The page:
Hamilton University

From Wikipedia, the free encyclopedia
Jump to: navigation, search
This institution is not to be confused with the fully accredited Hamilton College in Clinton, New York.

Hamilton University was an unaccredited institution based in Evanston, Wyoming, USA. According to the Oregon Office of Degree Authorization, it was first established in Hawaii as American State University.[1] It has since been closed by court order in Wyoming and has relocated to the Bahamas under the name Richardson University.[1]

History

Since it had no real students and no faculty and was housed in buildings which had once been a Motel 6, Hamilton was widely thought to be a diploma mill.[2] The school issued degrees based on "life experiences." Candidates for a degree were required to answer a few questions and write a small project of 2,000 words (about seven typed pages). The school issued Bachelors, Masters, and even PhDs. The presence of a small church built in the parking lot had served to make the activity tax free due to federal and state laws, even though the church building had no pews; people in Evanston had never seen services there.[2]

CBS News reported in 2004 that Hamilton was operated by Rudy Marn of Key West, Florida.[2] Marn, an art collector and philanthropist, has a history of running diploma mills.[3] In 2008, Marn plead guilty to tax fraud and was sentenced in October 2008 by Casper federal court to two years in prison and ordered to pay $620,000 in restitution to the IRS.[4] Marn, Bureau of Prisons # 10728-091, served time in Federal Correctional Institution, Beaumont Low in the Federal Correctional Complex, Beaumont, and was released in September 2010.[5]

The website used the .edu domain, because before October 29, 2001, unaccredited institutions were allowed to use such domains.[6]

Academics and accreditation

Hamilton claimed to be accredited by the American Council of Private Colleges and Universities (ACPCU).[1] The ACPCU, which was "set up by Hamilton, for Hamilton"[2] has no authorization from the United States Department of Education or the Council for Higher Education Accreditation. Former FBI consultant John Bear called it a "fake accrediting agency set up by the Wyoming-based diploma mill, Hamilton University."[7]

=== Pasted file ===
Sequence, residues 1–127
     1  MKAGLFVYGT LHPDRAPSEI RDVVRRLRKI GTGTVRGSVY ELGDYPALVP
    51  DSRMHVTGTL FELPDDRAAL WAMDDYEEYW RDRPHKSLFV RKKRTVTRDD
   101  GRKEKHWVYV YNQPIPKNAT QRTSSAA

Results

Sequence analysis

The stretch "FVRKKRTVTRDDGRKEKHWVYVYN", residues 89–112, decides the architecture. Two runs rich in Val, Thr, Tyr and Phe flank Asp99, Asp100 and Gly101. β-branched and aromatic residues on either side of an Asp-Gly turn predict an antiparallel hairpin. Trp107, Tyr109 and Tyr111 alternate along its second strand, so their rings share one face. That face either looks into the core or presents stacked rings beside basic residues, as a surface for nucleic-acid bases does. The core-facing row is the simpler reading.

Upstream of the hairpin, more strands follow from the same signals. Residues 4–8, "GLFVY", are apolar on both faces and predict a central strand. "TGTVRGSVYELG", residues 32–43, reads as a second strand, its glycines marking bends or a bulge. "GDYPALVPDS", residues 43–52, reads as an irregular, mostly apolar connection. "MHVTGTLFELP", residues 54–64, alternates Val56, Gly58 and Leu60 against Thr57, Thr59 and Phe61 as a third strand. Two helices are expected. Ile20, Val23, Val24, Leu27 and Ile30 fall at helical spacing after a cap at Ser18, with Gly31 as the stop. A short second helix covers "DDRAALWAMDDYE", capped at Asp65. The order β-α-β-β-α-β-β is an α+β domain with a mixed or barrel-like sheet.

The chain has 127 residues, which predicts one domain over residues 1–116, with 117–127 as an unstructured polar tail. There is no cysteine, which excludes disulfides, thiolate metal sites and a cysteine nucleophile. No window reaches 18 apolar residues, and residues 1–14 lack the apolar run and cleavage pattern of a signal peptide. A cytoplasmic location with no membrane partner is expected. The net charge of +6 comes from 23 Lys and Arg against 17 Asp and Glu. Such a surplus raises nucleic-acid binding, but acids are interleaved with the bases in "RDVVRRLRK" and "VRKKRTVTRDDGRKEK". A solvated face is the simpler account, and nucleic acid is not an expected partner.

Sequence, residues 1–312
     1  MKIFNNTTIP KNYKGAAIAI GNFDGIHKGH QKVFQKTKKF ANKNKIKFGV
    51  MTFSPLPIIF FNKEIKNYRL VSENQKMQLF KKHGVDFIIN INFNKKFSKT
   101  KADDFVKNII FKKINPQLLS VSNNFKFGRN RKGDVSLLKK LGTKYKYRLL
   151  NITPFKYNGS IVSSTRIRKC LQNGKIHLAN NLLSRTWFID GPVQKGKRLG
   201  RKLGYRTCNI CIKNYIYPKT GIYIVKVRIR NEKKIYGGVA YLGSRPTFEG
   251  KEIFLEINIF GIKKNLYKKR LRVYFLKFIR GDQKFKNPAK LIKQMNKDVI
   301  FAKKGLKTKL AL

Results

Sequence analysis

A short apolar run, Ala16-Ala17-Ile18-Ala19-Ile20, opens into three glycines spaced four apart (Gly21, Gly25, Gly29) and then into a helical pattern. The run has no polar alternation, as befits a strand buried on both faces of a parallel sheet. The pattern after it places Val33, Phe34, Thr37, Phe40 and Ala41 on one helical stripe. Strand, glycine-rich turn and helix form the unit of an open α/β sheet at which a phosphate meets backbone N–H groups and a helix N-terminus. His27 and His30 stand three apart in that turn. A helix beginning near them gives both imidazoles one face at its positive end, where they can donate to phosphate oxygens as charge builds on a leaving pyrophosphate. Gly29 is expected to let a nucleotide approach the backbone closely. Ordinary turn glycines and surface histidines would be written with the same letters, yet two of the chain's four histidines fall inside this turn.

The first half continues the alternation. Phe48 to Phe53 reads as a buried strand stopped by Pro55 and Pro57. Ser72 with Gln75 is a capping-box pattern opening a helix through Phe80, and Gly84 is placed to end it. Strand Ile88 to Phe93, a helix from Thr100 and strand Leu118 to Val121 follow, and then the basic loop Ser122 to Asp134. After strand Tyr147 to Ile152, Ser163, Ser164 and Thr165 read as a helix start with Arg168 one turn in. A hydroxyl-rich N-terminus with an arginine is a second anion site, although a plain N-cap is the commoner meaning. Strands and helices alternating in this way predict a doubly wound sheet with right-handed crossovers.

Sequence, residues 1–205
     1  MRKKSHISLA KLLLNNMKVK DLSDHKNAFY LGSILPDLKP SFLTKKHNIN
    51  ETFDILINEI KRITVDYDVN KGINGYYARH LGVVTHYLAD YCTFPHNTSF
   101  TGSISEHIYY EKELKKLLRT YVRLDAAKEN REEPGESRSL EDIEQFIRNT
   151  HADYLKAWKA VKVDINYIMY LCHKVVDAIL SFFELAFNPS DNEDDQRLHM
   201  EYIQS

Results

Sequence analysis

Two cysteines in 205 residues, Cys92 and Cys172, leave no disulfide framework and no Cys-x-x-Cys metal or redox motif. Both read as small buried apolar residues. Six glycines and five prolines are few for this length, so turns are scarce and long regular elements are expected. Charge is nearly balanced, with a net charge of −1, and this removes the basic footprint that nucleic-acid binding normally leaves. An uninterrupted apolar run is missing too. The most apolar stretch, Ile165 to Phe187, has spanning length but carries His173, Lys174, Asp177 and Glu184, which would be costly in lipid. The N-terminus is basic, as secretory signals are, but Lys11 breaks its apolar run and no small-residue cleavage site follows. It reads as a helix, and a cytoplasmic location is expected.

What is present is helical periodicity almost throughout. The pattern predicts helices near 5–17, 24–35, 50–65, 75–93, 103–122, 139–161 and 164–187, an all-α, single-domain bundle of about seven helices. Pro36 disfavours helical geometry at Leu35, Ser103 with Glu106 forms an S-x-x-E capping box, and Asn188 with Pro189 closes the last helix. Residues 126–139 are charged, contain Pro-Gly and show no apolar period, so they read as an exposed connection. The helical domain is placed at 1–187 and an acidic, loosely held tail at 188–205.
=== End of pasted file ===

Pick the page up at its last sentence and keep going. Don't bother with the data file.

Criticism and controversy

An investigation by the TV news program 60 Minutes revealed that some people in positions of power actually held phony degrees issued by Hamilton University, such as Cessna Aircraft Co. CEO Jack J. Pelton.[2] A statement by the company did not deny the allegations, asserting that Mr. Pelton was chosen for his field experience more than for his academic achievement.[citation needed]

The most notable "graduate" of Hamilton University was former U.S. government official Laura Callahan, a key figure in the "Project X" email scandal involving the disappearance of thousands of White House emails which had been subpoenaed by Congress.[8][9] Callahan's diplomas from HU had enabled her to get a high position in the United States Department of Homeland Security. A probe of her claims evolved into an investigation by the Government Accountability Office of Federal employees who had paid diploma mills with taxpayer funds.

When the CBS 60 Minutes video crew visited the campus, there was no evidence of any students or faculty, but three office workers present.[2]

People with Hamilton degrees

Connected institutions

  • American State University (Moved to Wyoming and renamed Hamilton University)
  • Richardson University (Bahamas) (Hamilton University, renamed and relocated again after Wyoming shut the operation down)

See also

References

  1. ^ a b Unaccredited Colleges, Oregon Office of Degree Authorization (accessed October 14, 2007).
  2. ^ a b c d e f g Diplomas for Sale, CBS News, 60 Minutes (2004-11-10)
  3. ^ Kleinberg, Eliot (2007-12-07). "DEGREES BRING PERKS, BUT COLLEGE RAISES DOUBT". Palm Beach Post. Retrieved 2009-01-17. 
  4. ^ Wyoming Man Sentenced to 24 Month Prison Term for Tax Fraud, IRS, 2008
  5. ^ "Locate a Federal Inmate: Rudy G Marn". Federal Bureau of Prisons. 2009. Retrieved 2009-01-17. 
  6. ^ .edu FAQ: Eligibility for the .edu Domain, EDUCAUSE website, accessed August 3, 2008
  7. ^ States Struggle to Regulate Online Colleges That Lack Accreditation, The Chronicle of Higher Education, March 23, 2001
  8. ^ Paulso, Amy (2000-03-23). "White House officials acknowledge e-mail glitch secrecy, say no threats were made". CNN. Retrieved 2009-01-17. 
  9. ^ Diploma Mills Are Easily Created and Some Have Issued Bogus Degrees to Federal Employees at Government Expense, Statement of Robert J. Cramer, Managing Director, Office of Special Investigations, United States Government Accountability Office, Before the Subcommittee on 21st Century Competitiveness, Committee on Education and the Workforce, U.S. House of Representatives (2004-09-23
  10. ^ Ben, Wild Hanlons; Treasure Hunters, NBC website (accessed February 11, 2008)
  11. ^ http://www.eaa.org/en/eaa/about-eaa/who-we-are/eaa-senior-leadership-team

External links